October News


The importance of Prior Art

Prior art for Apple slide to unlock

Upheld in multi-billion dollar patent infringement case Slide to unlock and rounded corners on a rectangle.

September was an interesting month on patents
We are not patent lawyers, but as technical folk, cannot understand how people knowing so little about patents were allowed to be jury in a multi-billion dollar case. It just reinforces our view on prior art and software disclosure.

The case of Apple against Samsung has some serious implications in the abuse of the patent system. One would also imagine that experts in patent law would be involved in a multi-billion dollar claim, or that prior art would be admitted (standard for invalidating a patent), but that was not the case.

In light of our customers wishing to save a few billion dollars when the fruit logo company's legal army approaches, we offer some prior art for the next touch screen that needs to use the “Slide to unlock” concept. The door shown is a few hundred years old (around Kyoto — photo courtesy of Bruce Clark). Folks in other locations can go to their nearest cathedral or castles for similar sliding prior art.


Old radio

Yesterday's state-of-the-ark technology

Old radio

Different user interface?

Digital Signage

At the ElectroneX show last month, there was a launch by Congatec announcing an Australian office. They have Qseven modules and many ideally suited to digital signage.

Do the radios alongside have enough differences in their user interface to avoid the modern interface wars being waged in courtrooms around the world where lawyers get paid enough to bother with the mundane?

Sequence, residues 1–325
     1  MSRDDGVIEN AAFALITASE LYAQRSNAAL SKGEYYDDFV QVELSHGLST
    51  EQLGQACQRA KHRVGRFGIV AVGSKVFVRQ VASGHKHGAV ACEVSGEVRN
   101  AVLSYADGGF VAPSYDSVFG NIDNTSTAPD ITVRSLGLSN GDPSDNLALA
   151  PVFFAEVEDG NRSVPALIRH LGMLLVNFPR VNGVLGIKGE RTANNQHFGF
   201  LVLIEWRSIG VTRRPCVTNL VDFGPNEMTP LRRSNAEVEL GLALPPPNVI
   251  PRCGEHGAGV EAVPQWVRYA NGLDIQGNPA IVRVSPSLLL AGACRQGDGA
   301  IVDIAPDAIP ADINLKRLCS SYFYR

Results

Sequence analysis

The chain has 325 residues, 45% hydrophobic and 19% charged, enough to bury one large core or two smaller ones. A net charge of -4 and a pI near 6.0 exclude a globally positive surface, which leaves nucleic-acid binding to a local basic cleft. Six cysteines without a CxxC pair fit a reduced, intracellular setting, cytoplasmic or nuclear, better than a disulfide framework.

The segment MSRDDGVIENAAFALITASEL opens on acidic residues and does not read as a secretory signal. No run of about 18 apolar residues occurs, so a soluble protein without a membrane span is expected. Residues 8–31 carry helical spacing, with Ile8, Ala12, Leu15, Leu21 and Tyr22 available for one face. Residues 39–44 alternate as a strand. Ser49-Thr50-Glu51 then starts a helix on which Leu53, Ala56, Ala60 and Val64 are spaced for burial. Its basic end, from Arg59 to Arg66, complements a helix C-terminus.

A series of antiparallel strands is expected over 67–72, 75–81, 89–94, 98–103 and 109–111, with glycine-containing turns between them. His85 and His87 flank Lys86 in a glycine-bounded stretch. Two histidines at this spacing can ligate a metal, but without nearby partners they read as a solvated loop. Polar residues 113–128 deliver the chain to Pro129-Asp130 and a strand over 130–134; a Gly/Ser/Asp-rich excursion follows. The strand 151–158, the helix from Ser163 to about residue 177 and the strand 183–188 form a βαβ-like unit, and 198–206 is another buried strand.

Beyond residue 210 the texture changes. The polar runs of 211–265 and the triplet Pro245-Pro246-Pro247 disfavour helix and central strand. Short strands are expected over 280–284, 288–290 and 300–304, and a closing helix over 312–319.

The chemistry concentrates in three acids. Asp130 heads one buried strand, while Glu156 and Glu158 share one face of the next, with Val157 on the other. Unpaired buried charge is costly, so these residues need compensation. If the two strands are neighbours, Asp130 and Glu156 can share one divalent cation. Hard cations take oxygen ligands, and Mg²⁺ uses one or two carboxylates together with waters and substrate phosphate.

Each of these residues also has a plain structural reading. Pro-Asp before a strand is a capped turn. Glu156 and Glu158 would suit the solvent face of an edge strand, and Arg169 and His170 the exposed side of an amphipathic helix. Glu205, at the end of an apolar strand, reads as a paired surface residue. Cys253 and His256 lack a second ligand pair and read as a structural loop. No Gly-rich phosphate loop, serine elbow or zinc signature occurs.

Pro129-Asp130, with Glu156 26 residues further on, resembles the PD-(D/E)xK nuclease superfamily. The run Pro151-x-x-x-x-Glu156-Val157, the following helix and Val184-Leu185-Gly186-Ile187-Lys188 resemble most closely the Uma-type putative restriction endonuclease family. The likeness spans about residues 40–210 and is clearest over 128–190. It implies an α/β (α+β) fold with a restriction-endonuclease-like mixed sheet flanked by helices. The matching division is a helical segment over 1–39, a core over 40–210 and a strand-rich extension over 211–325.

Advances in storage technology

Shrinking storage

Storage

Digital signage in the past relied on bulky PCs attached to equally bulky screens. Storage required a large hard drive, which did not last too long in hot climates where panels are not airconditioned. That has been overcome with updates over Ethernet, the Internet, mobile phone modules, however, data rates in many countries are high for large files typical of video or digital media. How do you solve that? In the photo on the left, the stiffy disk on top of the keyboard had enough storage for roughly 1,4 million characters. The two SanDisk solid state drives are each 8GBytes, more than three thousand times as much storage as the stiffy drive. DVDs can store 4,7 GBytes on a single sided commodity disk, but posting it is a lot more difficult than the small solid state disks, and housing the disk is much easier for the smaller solid state devices. Do we see a future for small embedded boards with lots of storage for the digital signage market? Absolutely!


Tales from the woods


Tree house in Adelaide Hills

Tree House near Mt Barker —  on the road to McLaren Vale over the Adelaide Hills

We have seen tree houses built for the young, but this is one that must have been built by the young for the old! The hill already has a stunning view, but this is another of those ideal spots to sip red wine and indulge in a few lines of software. A laptop would be required, as no power lines spoil the view. If we ever get to meet the construction team, we'll add in a story.


Trees near Meadows

Near Meadows —  Adelaide Hills

Adelaide Hills

Last month we traveled from Adelaide, to Canberra, Sydney, Brisbane and back over the Great Dividing Range. In the Fleurieu Peninsula we have winter rainfall, so the Adelaide Hills and surrounds are looking particularly green. So much so, that the $1,8 billion Desalination plant is rumoured to be mothballed. Soon the dry period kicks in, and the grass turns brown. The vines will still be green, but then perhaps the eastern coast will look better than the Adelaide Hills. Brisbane was dry last month and we expected to see fewer gum trees in a subtropical climate. This picture was taken a few kilometers from McLaren Vale, near Meadows.